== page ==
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Video/Media

Eurobites: Cash-strapped Brits carry on streaming

Also in today's EMEA regional roundup: Vodafone wants more open RAN collaboration; TIM climbs aboard maritime transport; Synamedia acquires Utelly.

  • UK households may be getting slammed by an ever deepening cost-of-living crisis, but their thirst for streaming video services shows no sign of abating, according to new research from analyst firm Omdia. Its figures reveal that the number of people paying for video services in the UK has actually increased 11% over the past year, with quarter-on-quarter increases being seen since April 2021. It seems cash-strapped Brits are more inclined to cut other expenses, such as eating out, with home entertainment remaining relatively sacrosanct. Eighty percent of households in the UK have an online video subscription of some sort, with "freebies" YouTube and BBC iPlayer the most viewed, followed by Netflix (15.5 million subscriptions), Amazon Prime Video (10 million) and Disney+ (7.5 million). Disney+, while bottom of the big three, showed the strongest UK growth in the last six months, at 21%, compared with Now TV (18%), Netflix (8%) and Amazon Prime (5%).

  • Vodafone is banging the open RAN drum again, publishing a white paper extolling the virtues of a more collaborative approach to building systems based on the in-vogue technology. Vodafone's white paper focuses on three areas: Distributed Lab, Pre-staging, and Operations. It calls for greater cooperation and systems integration across the industry as network operators commit to rolling out open RAN more widely. Earlier this year, Vodafone committed to having around 30% of its European network running on open RAN by 2030. (See Eurobites: Vodafone and friends fashion the 'open RAN city'.)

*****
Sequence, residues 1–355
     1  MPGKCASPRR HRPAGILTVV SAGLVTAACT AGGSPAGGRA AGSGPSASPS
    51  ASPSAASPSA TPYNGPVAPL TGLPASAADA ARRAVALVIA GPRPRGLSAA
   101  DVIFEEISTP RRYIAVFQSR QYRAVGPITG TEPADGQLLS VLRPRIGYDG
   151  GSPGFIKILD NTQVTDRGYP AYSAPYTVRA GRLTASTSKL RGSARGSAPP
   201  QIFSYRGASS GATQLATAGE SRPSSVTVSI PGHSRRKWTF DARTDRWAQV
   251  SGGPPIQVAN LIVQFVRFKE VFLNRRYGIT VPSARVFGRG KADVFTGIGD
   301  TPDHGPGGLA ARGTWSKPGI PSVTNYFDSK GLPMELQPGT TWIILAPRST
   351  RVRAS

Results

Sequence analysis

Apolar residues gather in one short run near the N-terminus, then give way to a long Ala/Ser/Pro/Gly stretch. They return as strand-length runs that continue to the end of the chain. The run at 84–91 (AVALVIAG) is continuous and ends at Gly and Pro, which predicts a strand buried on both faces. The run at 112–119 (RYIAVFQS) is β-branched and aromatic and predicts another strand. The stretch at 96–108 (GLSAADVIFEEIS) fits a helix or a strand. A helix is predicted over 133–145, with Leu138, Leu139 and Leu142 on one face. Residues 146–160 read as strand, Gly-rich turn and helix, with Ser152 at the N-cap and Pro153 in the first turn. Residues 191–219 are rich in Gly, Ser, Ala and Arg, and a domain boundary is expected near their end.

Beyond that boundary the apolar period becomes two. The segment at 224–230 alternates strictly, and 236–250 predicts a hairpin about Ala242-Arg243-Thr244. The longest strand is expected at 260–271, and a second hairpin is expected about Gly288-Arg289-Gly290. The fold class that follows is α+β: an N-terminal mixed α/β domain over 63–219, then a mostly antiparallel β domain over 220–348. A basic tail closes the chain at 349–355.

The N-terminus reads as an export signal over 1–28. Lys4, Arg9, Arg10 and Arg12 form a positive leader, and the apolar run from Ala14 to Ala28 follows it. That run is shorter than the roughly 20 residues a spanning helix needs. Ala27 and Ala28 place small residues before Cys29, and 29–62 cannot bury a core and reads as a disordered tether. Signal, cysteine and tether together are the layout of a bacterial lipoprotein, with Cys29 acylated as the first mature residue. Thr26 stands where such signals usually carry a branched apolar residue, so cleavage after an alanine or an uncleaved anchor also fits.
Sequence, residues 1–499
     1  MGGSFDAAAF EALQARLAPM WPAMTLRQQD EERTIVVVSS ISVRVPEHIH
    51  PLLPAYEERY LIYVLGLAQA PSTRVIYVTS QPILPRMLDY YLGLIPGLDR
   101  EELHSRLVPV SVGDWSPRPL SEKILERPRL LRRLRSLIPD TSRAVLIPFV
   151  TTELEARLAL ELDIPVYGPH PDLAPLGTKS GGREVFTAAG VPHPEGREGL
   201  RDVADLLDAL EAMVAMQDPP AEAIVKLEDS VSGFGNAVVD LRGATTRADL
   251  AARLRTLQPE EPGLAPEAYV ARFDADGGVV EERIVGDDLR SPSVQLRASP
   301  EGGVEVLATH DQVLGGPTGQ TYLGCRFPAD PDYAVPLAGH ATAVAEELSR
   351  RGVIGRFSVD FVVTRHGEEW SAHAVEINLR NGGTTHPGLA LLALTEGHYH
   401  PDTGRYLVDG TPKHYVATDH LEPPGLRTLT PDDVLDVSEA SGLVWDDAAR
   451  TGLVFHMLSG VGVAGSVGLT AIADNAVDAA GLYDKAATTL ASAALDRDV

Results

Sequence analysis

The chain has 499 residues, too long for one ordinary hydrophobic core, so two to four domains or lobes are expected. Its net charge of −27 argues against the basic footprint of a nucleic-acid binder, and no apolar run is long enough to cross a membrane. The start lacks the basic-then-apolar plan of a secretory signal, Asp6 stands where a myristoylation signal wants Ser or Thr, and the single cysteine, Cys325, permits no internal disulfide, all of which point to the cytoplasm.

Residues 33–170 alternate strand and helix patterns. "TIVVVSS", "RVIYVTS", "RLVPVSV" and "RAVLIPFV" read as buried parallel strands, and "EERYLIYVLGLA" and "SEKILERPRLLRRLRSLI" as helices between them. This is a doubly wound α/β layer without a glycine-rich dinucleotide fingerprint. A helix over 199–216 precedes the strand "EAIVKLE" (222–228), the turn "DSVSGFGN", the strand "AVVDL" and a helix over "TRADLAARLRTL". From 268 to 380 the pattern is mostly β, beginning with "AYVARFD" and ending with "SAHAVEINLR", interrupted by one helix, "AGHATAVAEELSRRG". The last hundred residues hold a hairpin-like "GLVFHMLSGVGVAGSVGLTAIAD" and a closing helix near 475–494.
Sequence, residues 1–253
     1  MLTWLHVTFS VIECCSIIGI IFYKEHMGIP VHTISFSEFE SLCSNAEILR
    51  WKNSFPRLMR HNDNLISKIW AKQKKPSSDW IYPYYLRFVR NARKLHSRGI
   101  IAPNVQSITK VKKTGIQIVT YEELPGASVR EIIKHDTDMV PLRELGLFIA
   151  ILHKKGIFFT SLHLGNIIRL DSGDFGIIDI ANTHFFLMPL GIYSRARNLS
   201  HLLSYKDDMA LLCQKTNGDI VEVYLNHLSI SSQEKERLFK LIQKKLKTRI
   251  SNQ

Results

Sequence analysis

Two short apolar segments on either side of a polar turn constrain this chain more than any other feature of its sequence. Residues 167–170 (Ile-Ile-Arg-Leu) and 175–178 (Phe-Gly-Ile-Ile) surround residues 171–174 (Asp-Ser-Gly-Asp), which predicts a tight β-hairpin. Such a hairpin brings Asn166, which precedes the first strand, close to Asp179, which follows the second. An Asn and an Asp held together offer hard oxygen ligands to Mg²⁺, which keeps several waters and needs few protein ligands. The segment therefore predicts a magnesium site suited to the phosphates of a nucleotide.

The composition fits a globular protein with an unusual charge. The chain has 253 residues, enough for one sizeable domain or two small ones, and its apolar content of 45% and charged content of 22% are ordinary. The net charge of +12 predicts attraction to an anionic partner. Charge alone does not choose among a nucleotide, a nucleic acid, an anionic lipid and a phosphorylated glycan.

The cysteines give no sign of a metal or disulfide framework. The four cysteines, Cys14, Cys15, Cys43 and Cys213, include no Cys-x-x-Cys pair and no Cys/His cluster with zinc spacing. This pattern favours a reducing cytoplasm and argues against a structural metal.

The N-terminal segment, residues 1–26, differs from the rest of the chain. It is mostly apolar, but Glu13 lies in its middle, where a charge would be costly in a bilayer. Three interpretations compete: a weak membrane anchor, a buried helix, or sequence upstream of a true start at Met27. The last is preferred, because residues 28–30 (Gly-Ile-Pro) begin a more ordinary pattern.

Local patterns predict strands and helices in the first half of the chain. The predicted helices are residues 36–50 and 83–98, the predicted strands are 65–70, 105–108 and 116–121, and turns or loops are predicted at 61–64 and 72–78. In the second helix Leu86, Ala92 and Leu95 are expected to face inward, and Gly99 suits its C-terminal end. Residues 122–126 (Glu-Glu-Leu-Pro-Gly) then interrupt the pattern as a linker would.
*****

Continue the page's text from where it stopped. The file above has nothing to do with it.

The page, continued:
• Ofcom, the UK communications watchdog, looks likely to be given responsibility for regulating "phone-paid services" such as music and gaming subscriptions, taking over control from the Phone-paid Services Authority (PSA). The move, which Ofcom anticipates happening in the second half of 2023, will involve current PSA employees transferring to the regulator.

  • Telecom Italia (TIM) has signed an agreement with the Italian Shipowners Confederation to encourage the adoption of digital technology aimed at the maritime transport market. The agreement will cover areas such as IoT, cloud, 5G and cryptotechnology. Confederation members will also be able to benefit from training courses run by TIM.

  • Synamedia, a UK-based supplier of video processing software, has acquired Utelly, a content discovery platform company also based in the UK. Utelly's offerings include metadata aggregation, search and recommendations, as well as content management and a content promotion engine. Financial details of the deal have not been disclosed.

  • Swisscom has issued its latest Cyber Security Threat Radar and – guess what? – the threat is still high. The added vulnerabilities of working from home and the war in Ukraine are playing their part, but Swisscom points to the added risk posed by the increased use of multicloud services, often from several providers at the same time. These, says Swisscom, offer more flexibility but a "greater area of attack."

    — Paul Rainford, Assistant Editor, Europe, Light Reading

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